We use a platform called Webflow to develop our websites, and have developed this post to help new or existing clients gain an understanding of what you can and can't do within the Webflow Editor.
Having started with template-based systems such as Joomla and Wordpress, we wanted something that offered more freedom in terms of design and creativity; whilst also matching our need for efficiency and a good structure.
Having found Webflow, loved the benefits and the ease of use as a website developer, we've used the platform for over five years now as well as providing input into future features and developments.
While this is by no means a definitive list, it's based on the feedback from our current clients and our experience using the Editor also.
If you want a quick overview, here's what you can do through the Webflow editor:
And if you're wondering what you can't easily do:
From the list above, most of the 'can't do' items above are in place from Webflow because they open the opportunity to make some errors on a website.
But if you're interested in learning more about any of the above points, read on...
The first thing to note is that Wakeford Digital owns (and pays for) the over-arching Webflow account.
A client website sits within this account plan and this is to save on having to also pay platform costs for every website.
(Dom's note: For whatever reason, if you ever wanted to move away from Wakeford Digital, we can either export your entire website to be uploaded to your own hosting server or you can pay for your own Webflow account plan and the site can be transferred to this).
Webflow also uses in-built hosting.
Using the in-built hosting means that instead of having to export and upload all website files to an external host every time you want to update a website, you as a client can utilise Webflow's client editor to make any changes.
Learn more about why we recommend hosting with Webflow at our other recent blog post.
Publishing changes live to your website is also incredibly easy and making these updates is no different to using a word processor or filling in a form.
If this is changing the wording on your 'about us' page, or updating your contact information, you can do this easily with the editor. You log in from the Google Chrome web browser, make any changes, then hit the 'publish' button to make these changes instantly live on your website.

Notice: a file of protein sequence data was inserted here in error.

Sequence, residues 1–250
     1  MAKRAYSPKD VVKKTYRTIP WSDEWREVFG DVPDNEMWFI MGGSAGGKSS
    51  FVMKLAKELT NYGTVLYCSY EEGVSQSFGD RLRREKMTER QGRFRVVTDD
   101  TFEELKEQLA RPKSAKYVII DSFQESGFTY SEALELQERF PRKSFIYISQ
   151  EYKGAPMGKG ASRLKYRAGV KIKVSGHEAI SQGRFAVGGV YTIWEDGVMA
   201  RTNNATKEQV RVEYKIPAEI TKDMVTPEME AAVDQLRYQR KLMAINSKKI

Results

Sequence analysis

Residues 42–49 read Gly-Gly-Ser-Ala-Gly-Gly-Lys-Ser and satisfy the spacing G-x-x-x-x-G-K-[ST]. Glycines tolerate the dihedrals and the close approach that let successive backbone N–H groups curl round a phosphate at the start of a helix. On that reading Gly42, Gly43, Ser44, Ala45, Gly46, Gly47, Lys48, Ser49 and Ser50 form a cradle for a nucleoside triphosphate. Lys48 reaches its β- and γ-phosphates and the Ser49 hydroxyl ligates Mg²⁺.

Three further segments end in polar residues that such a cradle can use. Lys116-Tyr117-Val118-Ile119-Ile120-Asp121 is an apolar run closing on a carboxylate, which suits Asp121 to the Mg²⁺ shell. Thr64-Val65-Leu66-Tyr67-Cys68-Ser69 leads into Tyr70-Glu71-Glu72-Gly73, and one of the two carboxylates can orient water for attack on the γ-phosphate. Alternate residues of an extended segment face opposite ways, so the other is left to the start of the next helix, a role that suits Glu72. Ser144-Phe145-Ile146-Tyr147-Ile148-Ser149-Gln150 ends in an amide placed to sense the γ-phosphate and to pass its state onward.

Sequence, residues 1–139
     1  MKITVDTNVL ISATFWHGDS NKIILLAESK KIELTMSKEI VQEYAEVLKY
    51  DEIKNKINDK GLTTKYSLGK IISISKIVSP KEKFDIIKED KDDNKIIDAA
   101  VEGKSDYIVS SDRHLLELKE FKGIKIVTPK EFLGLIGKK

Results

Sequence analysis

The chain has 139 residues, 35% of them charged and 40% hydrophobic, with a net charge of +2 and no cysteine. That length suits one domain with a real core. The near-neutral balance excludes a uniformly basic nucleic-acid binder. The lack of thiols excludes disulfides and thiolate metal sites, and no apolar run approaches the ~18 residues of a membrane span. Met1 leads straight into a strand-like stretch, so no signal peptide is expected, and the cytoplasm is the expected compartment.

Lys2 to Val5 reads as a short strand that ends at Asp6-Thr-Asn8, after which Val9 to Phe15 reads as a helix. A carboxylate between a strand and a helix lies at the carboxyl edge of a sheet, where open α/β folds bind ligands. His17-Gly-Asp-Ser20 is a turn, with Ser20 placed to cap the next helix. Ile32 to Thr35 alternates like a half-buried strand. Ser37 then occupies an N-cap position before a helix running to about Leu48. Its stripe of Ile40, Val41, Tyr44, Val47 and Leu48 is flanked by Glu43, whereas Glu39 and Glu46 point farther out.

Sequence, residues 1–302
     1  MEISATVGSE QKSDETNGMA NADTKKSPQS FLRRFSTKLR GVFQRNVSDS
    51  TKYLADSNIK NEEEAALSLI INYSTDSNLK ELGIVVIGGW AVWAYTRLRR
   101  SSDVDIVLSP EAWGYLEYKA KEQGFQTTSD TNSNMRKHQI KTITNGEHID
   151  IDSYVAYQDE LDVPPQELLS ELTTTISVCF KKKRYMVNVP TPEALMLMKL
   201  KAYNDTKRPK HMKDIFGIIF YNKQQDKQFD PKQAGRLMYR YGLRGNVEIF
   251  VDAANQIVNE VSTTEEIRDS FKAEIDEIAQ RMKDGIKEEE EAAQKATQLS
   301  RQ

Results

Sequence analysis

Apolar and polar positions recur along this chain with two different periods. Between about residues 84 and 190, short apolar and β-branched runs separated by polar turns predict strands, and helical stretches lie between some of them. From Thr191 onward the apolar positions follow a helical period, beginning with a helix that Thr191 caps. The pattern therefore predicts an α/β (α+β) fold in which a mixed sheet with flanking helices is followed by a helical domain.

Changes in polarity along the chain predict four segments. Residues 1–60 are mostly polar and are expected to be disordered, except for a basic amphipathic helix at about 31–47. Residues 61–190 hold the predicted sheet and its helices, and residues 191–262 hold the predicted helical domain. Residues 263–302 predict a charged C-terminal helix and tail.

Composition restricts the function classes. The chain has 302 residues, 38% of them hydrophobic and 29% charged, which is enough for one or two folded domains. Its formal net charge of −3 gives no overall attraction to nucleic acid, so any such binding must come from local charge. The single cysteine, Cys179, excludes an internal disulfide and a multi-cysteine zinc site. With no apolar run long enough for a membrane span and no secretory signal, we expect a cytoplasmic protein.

Some icons etc. may require some additional styling (see below), but you can add images into text areas or easily update existing images on your website.
Any content or page setup in the content management system (CMS) enables you to add new items to it. New items will also automatically be added to the relevant pages or areas of the website. You can also easily add new categories to the CMS - for example, if you need a news category or new type of staff member to add people in.
You can easily update SEO information such as page titles, meta-descriptions and social media previews, for example. While it's recommended to not change these too much (as through Wakeford Digital we've most likely optimised these already), it is available for clients who want to be more hands on with their website.
We understand this may be a hesitation, however previous experience suggests this is not a bad thing. Creating new pages, shuffling content areas or doing major changes as a client opens up the opportunity for errors, both on that page and the website overall.
What's the work around? This isn't a regular request we receive, however when we do, it's often as simple as duplicating a relevant page already on the website. Client's can then quickly log in and update or edit the existing content with the new information; or we can do it for you, saving time and costs.
As above, some images sit in a unique place and these are a little trickier to change.
What's the work around? Often, we will will setup these images to be in places that don't require regular changes, or automatically get detected. Changing these, if required, is a very quick and simple task for Wakeford Digital so simply send us an email and we'll get onto this right away.
As with the addition of a new page above, this can get complicated if you don't know what to do.
What's the work around? Requiring a new menu item usually coincides with some additional work to a website. When this is the case, this is usually an easy task to perform by Wakeford Digital, simply get in touch and we will promptly add the new menu and page.
As above, to avoid any problems, you can't edit the responsive mobile and tablet views of a website through Webflow's client editor. Mobile and tablet views are a very important aspect of website design; and need to stay optimised from both a performance and search engine optmisation point of view.
This sits within the broader Webflow account plan, which is run (and paid for) by Wakeford Digital. Any backend changes are usually adding another domain name, any security work etc. and are rarely changed.
Within the Wakeford Digital account, Webflow takes regular backups of a website and stores these within the project themselves.
If a client uses the editor and does something that causes an issue, the website can usually be restored to an earlier version.
Webflow websites (minus CMS data) can also be manually exported. Wakeford Digital does this every month, and provides these backups to a client for their safe keeping. We also export the CMS data and provide this for your reference.
We hope that this answers some of the initial questions you may have - but if you've got anything further, you can always get in touch with us.
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